2.4. Part III: Comparing Happiness Data across Years¶
We have two files of happiness data, one for 2017 that you have been using, and another for 2012, so you can do some comparisons across a span of five years.
Start a new workbook, and get each of the csv files for the happiness data loaded into a separate sheet.
Now, let’s create a table on a new sheet that shows the happiness rank for each country for each year. You’ll have 3 columns: country name, 2012 rank, and 2017 rank. (Hint: Use
VLOOKUP
.) But wait! What is the deal with these#N/A
values? Shouldn’t the happiness report have the same countries for every year? Apparently, just like regular people, not all countries participated in the survey every year. Let’s press on and hope for best for the moment.
Now, create a column where you calculate the change between the 2017 rank and the 2012 rank. Then create a new cell where you find the maximum value of this new column.
Oh dear, hoping for the best is rarely a good strategy. You will notice that the
result of looking for the maximum value in a column that contains one of these
#N/A
values results in the function returning #N/A
as well. It appears
we will have to find a better strategy.
The right way to handle this problem is to use the IFERROR
function. This is
one area where Google Sheets and Excel are slightly different. The IFERROR
function takes two parameters: a function or calculation, and a value to insert
in the case of an error. In our case, we want to adjust our subtraction so that
if there is an error, we will set the difference to be 0. We’ll change the
calculation to look something like =IFERROR(C2P2, 0)
. Now, you will see
that wherever we had an #N/A
value before, we now have a 0. You will also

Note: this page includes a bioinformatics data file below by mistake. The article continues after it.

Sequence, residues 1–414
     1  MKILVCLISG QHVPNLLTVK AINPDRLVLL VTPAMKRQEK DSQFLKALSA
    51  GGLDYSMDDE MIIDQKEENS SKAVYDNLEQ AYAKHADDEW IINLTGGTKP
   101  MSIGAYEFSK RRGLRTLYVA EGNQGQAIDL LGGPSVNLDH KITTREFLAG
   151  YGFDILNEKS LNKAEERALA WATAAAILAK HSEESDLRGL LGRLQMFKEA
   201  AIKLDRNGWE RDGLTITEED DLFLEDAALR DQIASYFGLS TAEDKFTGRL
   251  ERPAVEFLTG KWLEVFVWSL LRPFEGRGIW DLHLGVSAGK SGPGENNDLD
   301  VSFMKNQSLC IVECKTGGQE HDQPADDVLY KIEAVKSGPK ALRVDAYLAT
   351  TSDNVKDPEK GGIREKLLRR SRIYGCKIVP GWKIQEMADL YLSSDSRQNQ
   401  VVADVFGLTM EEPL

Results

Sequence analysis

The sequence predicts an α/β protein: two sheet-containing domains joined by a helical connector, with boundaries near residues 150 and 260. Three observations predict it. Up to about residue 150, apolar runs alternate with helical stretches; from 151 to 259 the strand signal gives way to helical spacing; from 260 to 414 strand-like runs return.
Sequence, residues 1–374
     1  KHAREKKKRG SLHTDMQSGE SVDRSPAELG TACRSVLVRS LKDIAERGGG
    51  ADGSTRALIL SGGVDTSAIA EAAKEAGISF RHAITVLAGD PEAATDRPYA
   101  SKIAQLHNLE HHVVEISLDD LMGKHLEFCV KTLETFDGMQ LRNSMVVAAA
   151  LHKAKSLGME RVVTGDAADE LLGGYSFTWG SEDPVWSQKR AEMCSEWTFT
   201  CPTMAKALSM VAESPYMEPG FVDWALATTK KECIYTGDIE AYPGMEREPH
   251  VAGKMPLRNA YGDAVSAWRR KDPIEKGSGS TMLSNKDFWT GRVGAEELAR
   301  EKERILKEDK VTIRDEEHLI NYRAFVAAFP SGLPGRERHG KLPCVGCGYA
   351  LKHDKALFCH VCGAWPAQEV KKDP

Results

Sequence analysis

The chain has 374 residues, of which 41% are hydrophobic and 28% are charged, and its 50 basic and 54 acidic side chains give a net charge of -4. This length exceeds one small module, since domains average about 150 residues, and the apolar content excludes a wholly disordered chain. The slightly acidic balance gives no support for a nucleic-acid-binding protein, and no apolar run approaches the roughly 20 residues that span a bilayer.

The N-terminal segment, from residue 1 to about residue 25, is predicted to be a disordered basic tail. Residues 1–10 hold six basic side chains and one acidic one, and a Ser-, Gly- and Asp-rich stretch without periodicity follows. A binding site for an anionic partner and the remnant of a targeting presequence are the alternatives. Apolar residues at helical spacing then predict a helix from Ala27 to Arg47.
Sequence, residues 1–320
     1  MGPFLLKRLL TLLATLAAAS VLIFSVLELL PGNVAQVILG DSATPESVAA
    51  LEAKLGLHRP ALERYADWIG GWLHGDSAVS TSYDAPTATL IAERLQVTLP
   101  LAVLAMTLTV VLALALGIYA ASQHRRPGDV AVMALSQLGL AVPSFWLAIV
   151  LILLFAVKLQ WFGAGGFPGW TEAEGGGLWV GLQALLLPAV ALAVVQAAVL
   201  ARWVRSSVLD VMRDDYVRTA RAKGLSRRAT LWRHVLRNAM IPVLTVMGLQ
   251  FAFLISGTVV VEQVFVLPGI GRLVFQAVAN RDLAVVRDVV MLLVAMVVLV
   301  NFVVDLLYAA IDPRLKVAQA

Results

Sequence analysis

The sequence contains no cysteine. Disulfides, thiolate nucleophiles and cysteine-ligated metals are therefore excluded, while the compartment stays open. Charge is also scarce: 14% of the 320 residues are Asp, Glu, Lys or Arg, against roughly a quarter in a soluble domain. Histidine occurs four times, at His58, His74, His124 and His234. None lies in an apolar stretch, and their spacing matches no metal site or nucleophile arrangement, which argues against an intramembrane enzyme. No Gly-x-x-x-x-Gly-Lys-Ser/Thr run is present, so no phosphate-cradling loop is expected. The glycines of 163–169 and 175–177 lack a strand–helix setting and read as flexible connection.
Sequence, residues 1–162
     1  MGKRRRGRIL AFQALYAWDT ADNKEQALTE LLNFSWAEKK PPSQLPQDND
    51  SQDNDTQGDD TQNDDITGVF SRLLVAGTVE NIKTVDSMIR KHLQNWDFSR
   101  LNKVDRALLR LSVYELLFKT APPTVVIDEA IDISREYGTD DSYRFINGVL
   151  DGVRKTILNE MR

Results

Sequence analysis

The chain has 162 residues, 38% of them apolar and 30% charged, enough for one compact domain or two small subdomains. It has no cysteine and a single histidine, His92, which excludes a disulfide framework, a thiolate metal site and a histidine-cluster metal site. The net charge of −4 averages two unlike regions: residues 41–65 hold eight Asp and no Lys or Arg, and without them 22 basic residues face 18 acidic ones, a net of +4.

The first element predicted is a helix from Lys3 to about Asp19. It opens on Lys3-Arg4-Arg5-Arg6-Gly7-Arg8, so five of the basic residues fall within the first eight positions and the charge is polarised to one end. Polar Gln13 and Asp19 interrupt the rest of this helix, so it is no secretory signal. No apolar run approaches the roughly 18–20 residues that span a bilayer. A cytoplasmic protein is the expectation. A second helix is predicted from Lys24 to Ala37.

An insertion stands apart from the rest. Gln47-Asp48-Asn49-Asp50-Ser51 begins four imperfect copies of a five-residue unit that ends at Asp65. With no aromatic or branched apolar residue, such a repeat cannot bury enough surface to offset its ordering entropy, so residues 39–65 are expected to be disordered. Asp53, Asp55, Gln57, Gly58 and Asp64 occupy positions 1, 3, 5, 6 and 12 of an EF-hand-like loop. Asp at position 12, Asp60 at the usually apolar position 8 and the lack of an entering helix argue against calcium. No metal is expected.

see that we get interesting values for maximum and minimum.
Q1: What is the name of the country with the largest positive change in their happiness rank? What about the largest negative change?
3. Next, let’s find the biggest changes in the happiness scores from 2012 to 2017.
False

Surprisingly yes
True

No, the countries are different
Q2: Are the countries that with the largest change in rank the same as the countries with the largest change in score?
Q3: What is the name of the country with the largest positive change in their happiness score? What about the largest negative change?
Q4: Give an explanation for why you think the two are different. Outline an experiment or calculation that you can do with a spreadsheet to back up your answer.
For the five countries with the largest changes in ranking between 2012 and 2017, what are the factors that changed the most? For this part, you can do this by making comparisons between sheets rather than creating a huge number of new columns on this summary sheet.
Q5: What did you learn in the previous investigation? What were the factors that changed the most?
Challenge
The choropleth gave us some insight into how happiness may be related to the continent. It was pretty clear that African nations were less happy than many others. Let’s see if we can quantify that.
First, we need to find a file that helps us map from country to continent. Let’s add this to our file as a new worksheet.
How can we add a column (or a few columns) to our happiness spreadsheet from this spreadsheet? We can use
VLOOKUP
.Once we have the continent name added to the spreadsheet, can we find the average happiness score for each continent?
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